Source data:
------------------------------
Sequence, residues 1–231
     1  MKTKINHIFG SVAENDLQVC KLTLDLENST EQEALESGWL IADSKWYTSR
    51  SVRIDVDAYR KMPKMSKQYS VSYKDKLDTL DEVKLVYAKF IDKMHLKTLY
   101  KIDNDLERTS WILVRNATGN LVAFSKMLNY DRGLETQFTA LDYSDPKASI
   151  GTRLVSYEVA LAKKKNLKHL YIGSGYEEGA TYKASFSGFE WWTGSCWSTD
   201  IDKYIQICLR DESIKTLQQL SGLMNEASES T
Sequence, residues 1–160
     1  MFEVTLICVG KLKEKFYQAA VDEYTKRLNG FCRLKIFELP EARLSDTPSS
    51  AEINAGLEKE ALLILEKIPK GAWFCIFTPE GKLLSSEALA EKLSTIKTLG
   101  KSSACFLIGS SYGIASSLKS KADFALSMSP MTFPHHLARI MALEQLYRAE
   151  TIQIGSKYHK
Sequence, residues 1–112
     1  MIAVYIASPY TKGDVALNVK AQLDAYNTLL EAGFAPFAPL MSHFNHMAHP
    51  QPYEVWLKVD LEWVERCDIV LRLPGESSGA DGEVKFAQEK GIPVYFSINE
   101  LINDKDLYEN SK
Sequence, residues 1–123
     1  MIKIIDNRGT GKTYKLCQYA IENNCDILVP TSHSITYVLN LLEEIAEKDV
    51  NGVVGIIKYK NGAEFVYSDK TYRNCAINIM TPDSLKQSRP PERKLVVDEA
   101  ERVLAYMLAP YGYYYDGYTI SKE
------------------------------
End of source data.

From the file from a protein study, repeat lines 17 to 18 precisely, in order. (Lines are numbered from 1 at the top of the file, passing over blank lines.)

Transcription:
     1  MIKIIDNRGT GKTYKLCQYA IENNCDILVP TSHSITYVLN LLEEIAEKDV
    51  NGVVGIIKYK NGAEFVYSDK TYRNCAINIM TPDSLKQSRP PERKLVVDEA